burka-girlsI recall a deeply ingrained memory from about 20 years ago. I was a teenager and like many people from my background and diaspora, I visited Pakistan. I was suffering from a very bad skin problem and at the behest of my Aunt, I was told to visit a dermatologist. Like all cultural idiosyncrasies, this was no ordinary Doctor. This was a Doctor with a “healing hand!” Of course it was.  The place I was staying at was like Ayn Rand’s wet dream. A thoroughly colonised estate surrounded by clean roads, imported green lawns, flowing electricity and roads with road names. It was a peculiar oddity because the surrounding area outside of the heavily guarded ‘colony’ was nothing but arid land and poverty, a personification of modern Pakistan. One is the reality and the other an idea of a colonial occidental utopia. So I went to see this Doctor. In I went and sat behind a curtain. I was called in. My Aunt sat with me. This was due to the fact that the Doctor insisted that she not sit alone with myself. All I saw was her eyes. Even her hands were covered[1]. As I analysed this oddity, I ruminated the purpose of this disguise. Was it to protect her identity? Or protect her from gazing molesting male eyes? Who was she? A doctor? A female? An alien? Finally, I realised that I was not the colonised being, she was. Like many of my generation, I was placeless. After her prognosis on my condition. She said something that has stayed with me forever. It has haunted my psyche and became an ingrained echo in my ears, reminding me every day. This is what she said;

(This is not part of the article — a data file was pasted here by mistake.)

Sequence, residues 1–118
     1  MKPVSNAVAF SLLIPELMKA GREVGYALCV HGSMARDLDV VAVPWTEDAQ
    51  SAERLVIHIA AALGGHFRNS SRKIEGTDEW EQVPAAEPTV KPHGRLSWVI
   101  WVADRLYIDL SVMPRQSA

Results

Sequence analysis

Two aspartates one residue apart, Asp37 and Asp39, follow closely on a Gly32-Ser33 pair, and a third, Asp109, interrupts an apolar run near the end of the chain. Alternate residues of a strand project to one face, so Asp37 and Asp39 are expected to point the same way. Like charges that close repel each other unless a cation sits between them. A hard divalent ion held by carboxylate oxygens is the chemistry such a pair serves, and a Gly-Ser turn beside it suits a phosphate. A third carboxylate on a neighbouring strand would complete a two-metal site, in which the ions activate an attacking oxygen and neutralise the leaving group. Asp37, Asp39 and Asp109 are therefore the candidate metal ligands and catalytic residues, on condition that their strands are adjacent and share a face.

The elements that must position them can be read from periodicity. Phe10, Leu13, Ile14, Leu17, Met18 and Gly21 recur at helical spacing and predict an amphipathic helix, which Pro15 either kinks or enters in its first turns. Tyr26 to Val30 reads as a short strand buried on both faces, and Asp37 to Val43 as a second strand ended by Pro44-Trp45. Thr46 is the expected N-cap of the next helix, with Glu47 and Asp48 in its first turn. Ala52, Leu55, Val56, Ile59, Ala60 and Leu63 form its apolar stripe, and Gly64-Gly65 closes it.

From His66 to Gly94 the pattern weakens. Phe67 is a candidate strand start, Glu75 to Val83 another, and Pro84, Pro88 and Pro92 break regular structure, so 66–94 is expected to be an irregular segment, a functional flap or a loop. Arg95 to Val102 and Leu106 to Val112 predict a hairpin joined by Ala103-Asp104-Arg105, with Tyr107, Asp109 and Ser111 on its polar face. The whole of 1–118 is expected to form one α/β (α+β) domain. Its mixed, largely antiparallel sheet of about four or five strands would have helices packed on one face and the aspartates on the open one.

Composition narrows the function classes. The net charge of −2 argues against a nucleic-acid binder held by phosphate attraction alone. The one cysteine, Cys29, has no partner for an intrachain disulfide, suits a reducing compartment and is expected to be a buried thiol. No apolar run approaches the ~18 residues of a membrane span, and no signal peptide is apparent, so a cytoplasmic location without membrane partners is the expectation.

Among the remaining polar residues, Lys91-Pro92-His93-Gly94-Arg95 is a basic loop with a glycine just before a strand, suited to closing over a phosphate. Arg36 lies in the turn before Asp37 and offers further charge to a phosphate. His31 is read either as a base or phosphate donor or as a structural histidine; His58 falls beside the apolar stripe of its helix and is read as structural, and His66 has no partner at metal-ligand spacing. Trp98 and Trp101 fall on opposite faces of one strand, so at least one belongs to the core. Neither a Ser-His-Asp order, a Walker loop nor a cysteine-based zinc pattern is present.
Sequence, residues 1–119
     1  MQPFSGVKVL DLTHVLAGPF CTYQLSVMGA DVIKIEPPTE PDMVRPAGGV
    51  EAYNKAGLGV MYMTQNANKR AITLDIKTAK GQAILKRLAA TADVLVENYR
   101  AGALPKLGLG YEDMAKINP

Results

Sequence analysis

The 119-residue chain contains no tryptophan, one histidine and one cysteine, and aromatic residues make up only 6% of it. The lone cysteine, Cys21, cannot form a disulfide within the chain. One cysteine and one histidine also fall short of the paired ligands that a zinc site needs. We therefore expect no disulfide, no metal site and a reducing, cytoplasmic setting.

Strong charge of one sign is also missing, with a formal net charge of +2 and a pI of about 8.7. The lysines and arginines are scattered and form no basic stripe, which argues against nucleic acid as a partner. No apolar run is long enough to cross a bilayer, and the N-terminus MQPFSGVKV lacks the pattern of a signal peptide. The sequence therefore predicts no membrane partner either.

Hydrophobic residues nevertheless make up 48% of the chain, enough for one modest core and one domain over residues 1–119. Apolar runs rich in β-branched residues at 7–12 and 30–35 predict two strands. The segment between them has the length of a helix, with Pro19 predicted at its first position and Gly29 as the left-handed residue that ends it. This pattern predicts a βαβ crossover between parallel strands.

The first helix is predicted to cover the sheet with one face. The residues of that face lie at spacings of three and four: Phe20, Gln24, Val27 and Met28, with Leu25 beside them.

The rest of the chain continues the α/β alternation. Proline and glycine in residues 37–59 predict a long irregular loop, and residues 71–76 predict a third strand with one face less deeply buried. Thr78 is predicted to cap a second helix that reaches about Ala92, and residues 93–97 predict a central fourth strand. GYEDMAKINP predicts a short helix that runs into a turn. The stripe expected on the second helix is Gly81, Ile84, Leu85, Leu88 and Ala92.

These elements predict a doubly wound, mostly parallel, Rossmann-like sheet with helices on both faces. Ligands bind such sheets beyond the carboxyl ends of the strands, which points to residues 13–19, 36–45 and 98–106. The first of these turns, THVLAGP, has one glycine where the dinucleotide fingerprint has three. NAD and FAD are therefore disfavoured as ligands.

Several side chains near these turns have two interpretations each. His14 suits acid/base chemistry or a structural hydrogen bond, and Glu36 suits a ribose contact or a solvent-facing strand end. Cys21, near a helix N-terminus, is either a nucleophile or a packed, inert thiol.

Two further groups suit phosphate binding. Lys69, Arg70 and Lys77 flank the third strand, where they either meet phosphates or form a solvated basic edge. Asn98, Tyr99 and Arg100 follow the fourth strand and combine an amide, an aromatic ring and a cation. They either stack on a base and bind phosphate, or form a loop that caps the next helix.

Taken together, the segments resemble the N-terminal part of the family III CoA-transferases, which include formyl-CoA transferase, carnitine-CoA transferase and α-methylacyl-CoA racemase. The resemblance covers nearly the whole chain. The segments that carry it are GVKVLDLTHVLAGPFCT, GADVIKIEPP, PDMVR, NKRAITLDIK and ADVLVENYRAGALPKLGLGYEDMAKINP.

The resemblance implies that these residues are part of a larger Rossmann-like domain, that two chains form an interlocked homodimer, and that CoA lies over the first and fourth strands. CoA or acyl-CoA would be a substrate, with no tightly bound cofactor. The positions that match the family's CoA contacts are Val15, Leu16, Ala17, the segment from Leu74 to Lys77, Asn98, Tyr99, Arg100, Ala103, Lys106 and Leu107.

‘Women don’t care about men’s looks, they care about what’s in their pockets.’